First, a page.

If you are not at Full Inventory Level: Until you are at that inventory level, I suggest you reinvest all your profits back into more inventory, so you can grow to the inventory level to meet your needs. You have been living without Mary Kay money until now. The wisest money management practice to assure a successful business is to forego profit while you build your inventory.

How does that look? Take a look at this example.

  • You begin with $600 wholesale.
  • You sell $500 retail for the week.
  • Your cost of the product sold is $250, your profitis $250 (at 50%)
  • Rather than paying yourself $250, you would take the entire $500 and order $500 wholesale of more product.
  • $250 wholesale would be replacing the products you just sold, and the other $250 wholesale would be buying enough more to now have $850 wholesale on your shelf.

Continue to reinvest profits until you have an inventory that will maintain your sales level.


  1. “The wisest money management practice to assure a successful business is to forego profit while you build your inventory.”

    True profit only comes after all costs are covered. Margin on one item sold does not equate to business profit.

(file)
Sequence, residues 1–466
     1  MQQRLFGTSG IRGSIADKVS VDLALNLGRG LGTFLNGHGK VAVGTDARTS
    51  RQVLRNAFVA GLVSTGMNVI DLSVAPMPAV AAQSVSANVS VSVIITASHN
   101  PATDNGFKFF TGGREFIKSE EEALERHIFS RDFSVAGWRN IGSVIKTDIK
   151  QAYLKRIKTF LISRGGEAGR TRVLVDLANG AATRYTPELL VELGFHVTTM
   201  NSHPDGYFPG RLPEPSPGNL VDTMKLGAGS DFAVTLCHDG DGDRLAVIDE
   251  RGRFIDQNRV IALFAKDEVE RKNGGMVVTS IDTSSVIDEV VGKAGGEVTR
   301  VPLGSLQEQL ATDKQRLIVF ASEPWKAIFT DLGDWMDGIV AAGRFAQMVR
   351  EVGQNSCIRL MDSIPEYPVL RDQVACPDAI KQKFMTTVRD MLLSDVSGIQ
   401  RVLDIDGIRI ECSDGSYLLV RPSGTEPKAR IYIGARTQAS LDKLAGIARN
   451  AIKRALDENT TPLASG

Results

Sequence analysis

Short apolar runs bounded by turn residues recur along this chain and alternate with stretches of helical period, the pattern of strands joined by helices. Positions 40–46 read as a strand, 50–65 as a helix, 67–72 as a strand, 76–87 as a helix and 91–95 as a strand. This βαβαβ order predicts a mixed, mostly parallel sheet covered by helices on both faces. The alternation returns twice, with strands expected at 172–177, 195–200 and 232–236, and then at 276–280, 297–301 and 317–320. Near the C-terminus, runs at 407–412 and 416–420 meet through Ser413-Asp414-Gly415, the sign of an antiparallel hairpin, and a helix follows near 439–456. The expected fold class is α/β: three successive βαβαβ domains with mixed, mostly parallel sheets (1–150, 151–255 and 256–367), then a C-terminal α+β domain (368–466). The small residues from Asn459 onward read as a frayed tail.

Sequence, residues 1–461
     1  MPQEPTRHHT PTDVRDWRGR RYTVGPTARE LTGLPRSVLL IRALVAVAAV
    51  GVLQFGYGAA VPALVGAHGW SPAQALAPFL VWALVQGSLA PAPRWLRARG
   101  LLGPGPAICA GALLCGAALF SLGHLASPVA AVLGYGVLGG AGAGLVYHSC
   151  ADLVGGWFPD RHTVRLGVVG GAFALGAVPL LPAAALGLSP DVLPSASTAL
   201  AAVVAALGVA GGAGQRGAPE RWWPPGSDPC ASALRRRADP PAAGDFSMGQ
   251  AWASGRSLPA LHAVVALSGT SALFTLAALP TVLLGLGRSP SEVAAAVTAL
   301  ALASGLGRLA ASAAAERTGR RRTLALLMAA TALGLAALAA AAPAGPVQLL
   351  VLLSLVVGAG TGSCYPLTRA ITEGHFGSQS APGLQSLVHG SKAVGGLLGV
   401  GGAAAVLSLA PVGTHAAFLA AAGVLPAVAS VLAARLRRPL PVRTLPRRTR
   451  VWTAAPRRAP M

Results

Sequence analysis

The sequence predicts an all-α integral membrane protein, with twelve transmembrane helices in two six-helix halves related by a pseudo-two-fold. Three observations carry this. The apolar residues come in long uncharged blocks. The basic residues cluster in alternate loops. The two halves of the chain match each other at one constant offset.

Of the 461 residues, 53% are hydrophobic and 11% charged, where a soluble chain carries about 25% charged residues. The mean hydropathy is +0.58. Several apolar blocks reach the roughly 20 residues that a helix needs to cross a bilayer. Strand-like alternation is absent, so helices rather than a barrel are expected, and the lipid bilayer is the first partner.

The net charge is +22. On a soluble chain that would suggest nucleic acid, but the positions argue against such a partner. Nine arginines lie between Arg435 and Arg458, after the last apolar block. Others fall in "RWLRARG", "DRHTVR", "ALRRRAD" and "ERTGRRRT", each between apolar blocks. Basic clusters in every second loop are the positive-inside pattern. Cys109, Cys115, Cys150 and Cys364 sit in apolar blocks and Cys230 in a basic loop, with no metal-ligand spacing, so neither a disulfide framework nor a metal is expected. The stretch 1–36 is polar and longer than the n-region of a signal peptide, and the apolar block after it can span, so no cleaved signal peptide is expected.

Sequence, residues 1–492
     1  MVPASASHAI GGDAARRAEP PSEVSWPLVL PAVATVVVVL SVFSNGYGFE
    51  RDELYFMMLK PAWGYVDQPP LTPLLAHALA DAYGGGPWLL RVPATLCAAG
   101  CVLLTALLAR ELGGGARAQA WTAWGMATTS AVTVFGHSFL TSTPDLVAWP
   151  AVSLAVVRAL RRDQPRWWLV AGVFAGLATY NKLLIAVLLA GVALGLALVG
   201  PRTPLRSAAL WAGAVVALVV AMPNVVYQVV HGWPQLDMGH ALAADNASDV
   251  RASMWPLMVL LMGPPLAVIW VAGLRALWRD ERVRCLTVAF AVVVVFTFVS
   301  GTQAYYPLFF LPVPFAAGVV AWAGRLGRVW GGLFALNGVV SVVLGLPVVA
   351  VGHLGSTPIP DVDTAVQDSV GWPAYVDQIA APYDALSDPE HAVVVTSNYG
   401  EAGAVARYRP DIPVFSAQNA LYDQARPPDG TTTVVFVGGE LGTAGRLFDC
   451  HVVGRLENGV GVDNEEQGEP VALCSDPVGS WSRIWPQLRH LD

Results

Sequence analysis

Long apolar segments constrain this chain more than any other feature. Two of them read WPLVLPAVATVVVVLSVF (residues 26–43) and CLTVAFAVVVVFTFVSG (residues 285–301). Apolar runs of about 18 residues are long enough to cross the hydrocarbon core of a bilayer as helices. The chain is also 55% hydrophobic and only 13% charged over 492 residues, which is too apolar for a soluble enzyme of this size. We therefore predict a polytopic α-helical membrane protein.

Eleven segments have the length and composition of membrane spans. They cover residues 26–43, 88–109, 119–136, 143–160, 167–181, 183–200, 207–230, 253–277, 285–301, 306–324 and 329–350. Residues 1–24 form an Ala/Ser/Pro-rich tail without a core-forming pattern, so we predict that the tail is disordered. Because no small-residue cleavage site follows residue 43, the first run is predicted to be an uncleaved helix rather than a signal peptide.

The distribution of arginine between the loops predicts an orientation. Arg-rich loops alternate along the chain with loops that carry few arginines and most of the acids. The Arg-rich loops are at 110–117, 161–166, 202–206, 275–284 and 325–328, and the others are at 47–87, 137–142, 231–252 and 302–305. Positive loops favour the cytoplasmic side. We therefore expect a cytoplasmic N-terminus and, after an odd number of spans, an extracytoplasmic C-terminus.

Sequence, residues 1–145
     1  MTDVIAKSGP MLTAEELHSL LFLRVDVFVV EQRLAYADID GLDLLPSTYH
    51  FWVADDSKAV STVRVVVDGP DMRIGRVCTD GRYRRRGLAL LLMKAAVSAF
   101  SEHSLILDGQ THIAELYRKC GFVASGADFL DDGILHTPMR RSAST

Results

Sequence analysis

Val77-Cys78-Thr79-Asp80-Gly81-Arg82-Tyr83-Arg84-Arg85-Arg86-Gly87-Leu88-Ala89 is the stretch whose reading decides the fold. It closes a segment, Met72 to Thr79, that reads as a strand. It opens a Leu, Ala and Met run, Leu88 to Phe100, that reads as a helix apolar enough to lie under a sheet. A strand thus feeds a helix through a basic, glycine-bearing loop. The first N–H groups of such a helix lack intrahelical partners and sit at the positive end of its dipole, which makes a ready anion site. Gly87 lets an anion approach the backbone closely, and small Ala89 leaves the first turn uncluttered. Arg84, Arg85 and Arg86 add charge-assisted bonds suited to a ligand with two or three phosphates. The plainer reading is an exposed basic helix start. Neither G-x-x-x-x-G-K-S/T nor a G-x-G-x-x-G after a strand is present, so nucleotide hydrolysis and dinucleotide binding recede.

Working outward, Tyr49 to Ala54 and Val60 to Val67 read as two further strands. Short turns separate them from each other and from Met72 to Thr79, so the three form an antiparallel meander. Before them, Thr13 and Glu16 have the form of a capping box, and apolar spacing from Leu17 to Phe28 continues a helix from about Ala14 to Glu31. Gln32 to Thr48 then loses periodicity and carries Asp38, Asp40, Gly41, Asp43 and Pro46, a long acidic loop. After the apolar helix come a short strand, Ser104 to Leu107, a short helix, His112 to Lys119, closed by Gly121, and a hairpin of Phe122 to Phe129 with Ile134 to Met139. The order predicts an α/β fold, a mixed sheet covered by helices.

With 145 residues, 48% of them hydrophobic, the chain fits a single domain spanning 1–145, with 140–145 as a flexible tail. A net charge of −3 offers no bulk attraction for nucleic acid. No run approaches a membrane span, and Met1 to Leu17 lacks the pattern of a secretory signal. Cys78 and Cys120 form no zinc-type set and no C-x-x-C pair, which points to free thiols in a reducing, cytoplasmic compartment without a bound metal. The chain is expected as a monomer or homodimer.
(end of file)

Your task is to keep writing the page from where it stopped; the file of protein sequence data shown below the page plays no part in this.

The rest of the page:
If IBCs were to take this advice literally, no one would build their inventory, since no one is turning a true profit off product sales. The top 0.4% who turn a true business profit do so thanks to commissions from downline orders, not from product sales.

    Lets hope all IBCs take this advice literally. That would be the end of Mary Kay.

  2. “they can change their mind about their order due to money stress, or husband.”

    Yep. Make the husband the “bad guy” when — most likely — he’s just looking out for the best interests of his wife and family.

  3. I continue to shake my head when I see directions that encourage hiding things from the consultant’s husband. “…they can change their mind about their order due to money stress, or husband.”

    And those same directors will brag about how MK is a company with Christian values and tout the ‘faith first, family second’ lie. I don’t have a problem with divorce. Often it may be the best solution to marital issues. But this is continuing to encourage seriously bad spousal communication and trust issues.

  4. Recruiter, what’s the oldest item on your shelf?

    How often do you have products that expire before they can sell?

    • Recruiter, why aren’t you retailing your products to me instead of having me order them from the company at the price you pay? Isn’t this opportunity about reselling products? I mean, that why you’re having me buy inventory, right?